It had been a while, but Stephen Skeates remembers going to San Diego’s Comic-Con International, the largest comic book fan convention in the U.S.? That was in 1984, when he says it was “more about comic books.”
But nothing prepared him for what he saw in July, when he and his wife made the trip to California.?“This was insane,” he said. “It was so crowded with people in costumes that the convention was overflowing.”?
Skeates, 69, was given the Bill Finger Award for Excellence in Comic Book Writing — an annual award named after the co-creator of Batman that’s given to two people who have helped pave the way for other comic book writers.? The convention was a great time to reunite with old colleagues and meet eager young fans asking for his autograph.
But after a while, enough was enough.?“We just split and went to the beach,” said Skeates.
Getting his start?
What makes comic books different from other literature? He says it takes the best parts of different media and combines them.
?“It’s its own type of medium, which falls between movies, novels, and old radio shows,” Skeates explained. “It’s got elements of those three together if you do it right.”?
He first started to write comic fiction at a time when comic books were making a comeback in the mid-1960s. ?An English major at Alfred University, he expected to take a job reporting for a newspaper. When he realized this didn’t interest him, he applied to several comic book companies.?
Then one day, he got a phone call from the legendary comic creator Stan Lee, who offered Skeates a position as his editing assistant at Marvel Comics. ?He then moved to New York City, the comic book capital of the world at the time, to take the job in 1965.
?His work consisted of proofreading finished comics, which he soon began to hate. He recalls Lee’s frustration when he could find small grammatical mistakes while missing more obvious ones, like the way stripes on a character’s tie were pointing in the wrong direction.
After less than two weeks, Skeates quit, and was replaced by Roy Thomas.?
He stayed on writing westerns for Marvel, including “Kid Colt: Outlaw” and “Two Gun Kid.” His career took off as he began writing for DC Comics, and then Tower Comics, a company based in the Empire State Building.
?During this time, he learned two different approaches to crafting a good story. At Marvel, he was forced to write dialogue for characters based on pictures created by an artist. It was the other way around at DC, where writers would produce a script that dictated the drawings.?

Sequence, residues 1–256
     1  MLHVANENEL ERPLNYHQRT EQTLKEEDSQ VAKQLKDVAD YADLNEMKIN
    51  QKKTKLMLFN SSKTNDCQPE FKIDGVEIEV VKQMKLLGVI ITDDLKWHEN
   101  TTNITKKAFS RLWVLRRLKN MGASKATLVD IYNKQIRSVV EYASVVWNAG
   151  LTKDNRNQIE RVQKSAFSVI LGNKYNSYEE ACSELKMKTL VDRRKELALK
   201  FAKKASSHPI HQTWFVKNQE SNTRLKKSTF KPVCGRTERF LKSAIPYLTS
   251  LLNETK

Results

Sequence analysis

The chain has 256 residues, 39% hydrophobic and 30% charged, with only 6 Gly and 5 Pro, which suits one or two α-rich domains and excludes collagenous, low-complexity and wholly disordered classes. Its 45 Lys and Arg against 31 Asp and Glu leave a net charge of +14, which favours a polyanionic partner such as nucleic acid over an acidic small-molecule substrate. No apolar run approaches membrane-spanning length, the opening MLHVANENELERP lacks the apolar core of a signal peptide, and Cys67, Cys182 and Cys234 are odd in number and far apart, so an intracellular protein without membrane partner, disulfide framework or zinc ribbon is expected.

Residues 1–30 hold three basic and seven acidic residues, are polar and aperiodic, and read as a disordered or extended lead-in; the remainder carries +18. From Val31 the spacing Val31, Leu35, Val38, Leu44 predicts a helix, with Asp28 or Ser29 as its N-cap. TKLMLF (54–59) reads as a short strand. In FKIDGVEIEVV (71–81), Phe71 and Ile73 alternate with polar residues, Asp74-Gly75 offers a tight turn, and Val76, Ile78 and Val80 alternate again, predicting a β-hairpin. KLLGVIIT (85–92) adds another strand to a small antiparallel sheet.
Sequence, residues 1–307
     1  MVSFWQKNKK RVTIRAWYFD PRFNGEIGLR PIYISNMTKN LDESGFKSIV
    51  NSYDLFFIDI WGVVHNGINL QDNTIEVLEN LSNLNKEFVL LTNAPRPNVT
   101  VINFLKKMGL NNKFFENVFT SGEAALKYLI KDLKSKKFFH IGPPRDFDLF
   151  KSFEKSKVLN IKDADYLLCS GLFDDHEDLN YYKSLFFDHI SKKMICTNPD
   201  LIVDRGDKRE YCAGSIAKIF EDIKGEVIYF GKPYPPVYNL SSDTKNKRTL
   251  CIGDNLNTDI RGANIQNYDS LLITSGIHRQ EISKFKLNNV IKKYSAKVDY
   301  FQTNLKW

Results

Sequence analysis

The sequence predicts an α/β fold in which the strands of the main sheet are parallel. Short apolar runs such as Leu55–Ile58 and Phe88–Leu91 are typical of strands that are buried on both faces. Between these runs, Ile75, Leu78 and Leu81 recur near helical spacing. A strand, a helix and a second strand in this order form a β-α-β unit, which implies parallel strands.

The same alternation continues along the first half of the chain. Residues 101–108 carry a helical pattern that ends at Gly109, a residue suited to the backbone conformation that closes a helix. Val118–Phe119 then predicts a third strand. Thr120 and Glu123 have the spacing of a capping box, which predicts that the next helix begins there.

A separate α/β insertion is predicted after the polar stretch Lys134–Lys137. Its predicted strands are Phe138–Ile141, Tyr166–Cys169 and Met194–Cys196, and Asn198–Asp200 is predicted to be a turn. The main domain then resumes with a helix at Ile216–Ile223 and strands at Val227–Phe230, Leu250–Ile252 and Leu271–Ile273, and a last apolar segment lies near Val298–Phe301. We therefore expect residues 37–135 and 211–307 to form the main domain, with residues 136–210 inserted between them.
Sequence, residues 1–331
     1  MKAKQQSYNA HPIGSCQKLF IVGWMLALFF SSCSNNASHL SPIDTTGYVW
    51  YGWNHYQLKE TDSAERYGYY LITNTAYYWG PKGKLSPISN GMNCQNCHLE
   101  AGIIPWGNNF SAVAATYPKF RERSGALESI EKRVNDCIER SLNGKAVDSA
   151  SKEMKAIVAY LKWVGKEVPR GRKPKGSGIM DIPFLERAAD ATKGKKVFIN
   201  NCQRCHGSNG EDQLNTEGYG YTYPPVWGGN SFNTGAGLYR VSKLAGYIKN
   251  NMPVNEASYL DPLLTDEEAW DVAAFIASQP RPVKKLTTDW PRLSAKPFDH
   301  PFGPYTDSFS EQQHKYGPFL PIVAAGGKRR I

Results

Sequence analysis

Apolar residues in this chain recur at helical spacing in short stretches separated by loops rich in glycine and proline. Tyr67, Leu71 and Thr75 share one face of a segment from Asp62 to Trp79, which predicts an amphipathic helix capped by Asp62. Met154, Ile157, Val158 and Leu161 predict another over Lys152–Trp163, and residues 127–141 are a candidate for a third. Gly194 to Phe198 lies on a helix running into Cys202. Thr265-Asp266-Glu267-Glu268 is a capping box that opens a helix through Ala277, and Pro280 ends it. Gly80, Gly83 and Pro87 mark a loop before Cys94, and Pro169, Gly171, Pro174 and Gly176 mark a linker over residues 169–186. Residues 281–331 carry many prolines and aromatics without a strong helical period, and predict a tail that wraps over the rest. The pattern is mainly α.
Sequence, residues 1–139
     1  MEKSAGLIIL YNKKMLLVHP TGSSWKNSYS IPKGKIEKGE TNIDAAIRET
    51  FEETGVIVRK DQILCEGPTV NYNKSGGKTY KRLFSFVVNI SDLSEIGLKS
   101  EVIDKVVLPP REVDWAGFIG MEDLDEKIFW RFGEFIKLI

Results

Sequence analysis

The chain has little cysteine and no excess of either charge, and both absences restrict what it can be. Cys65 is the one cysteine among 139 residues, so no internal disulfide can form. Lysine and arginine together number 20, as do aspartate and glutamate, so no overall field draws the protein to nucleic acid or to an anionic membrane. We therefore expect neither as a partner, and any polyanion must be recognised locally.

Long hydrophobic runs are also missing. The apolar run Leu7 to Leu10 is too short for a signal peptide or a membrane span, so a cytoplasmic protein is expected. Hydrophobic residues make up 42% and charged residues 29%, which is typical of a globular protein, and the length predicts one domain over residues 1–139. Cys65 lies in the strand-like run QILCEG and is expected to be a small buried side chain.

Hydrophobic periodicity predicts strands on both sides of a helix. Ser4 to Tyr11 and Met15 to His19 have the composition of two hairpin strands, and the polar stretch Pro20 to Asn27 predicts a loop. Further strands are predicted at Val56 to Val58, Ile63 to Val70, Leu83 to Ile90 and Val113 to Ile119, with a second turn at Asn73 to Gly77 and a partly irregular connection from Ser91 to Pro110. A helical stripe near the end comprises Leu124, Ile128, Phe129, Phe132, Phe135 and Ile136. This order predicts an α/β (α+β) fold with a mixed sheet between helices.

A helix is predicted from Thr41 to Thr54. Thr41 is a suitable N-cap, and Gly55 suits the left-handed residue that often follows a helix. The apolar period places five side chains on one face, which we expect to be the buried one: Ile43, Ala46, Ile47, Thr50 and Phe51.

Page 2 of 3 - Skeates preferred the freedom of the latter, but says he felt the most freedom as a writer while working at Charlton Comics.
?“I would just come up with an idea and sit down at a typewriter. They never turned down a single script of mine,” he said. “I enjoyed it because you didn’t overwork the story before you started writing it.”?
He stuck around despite the poor pay. It was during that time that Skeates wrote for characters like Thane of Bagarth, Kid Montana, Abbott and Costello, and Sarge Steel.?
“I think I had my most fun writing there,” he said.
Keeping it light?
As a kid growing up in Fairport, Skeates was never a big fan of superhero comics — instead opting for more funny animal comics. He later grew to love the parody stories in “MAD” when he was a teenager, before it went from a comic book to a magazine.?
His stroke of humor followed him throughout his career as he became the primary writer for characters like DC’s Aquaman (one of his favorite characters as a child).
He also wrote many of the plots for Plastic Man, whose superpower is super stretchability.?In the ’70s, Skeates created a villain named Carrot Man, an evil game show host who hit contestants on the head with a toaster. The villain did appear in an animated TV series about Plastic Man.
While Skeates did not receive any royalties for the character, the show’s creators tried to make good by changing Carrot Man’s true identity to Stephen Skeates .?He recalls, “People stopped me on the street and said, ‘You were on TV!’"
?His career at DC lasted for many years, during which he wrote for sagas for Superman, The Flash, The Hawk and the Dove, Supergirl, and many more. During that time, Skeates never wanted to write for one DC’s most popular characters, Batman, saying he “never warmed up” to the character.?
“He’s set in a film noire world, but if you’re going to do film noire, do a private eye. Not somebody who’s running around in his long underwear.”
A timeless art form?
Comic books are transitioning into the digital age, and veterans like Skeates are moving with it. After New York City lost its dominance in the comic world, the medium spread across the country.?
Fewer hard copies of comics are produced today, and many superheroes are known better for their appearance in Hollywood blockbusters than their presence on the pages of a serial.
?“Now, they’re doing away with thought balloons and captions and just going with dialogue to be more like the movies,” said Skeates.
Page 3 of 3 - ?He has recently written a series of online strip comics for Suprising Comics and is currently working on “The Knight Watchman,” a project backed by Big Bang Comics that is anticipated for release later this year.?
No matter what the medium, he explained that one thing still hasn’t changed.
?“I gravitate more toward any company that will still let me write.”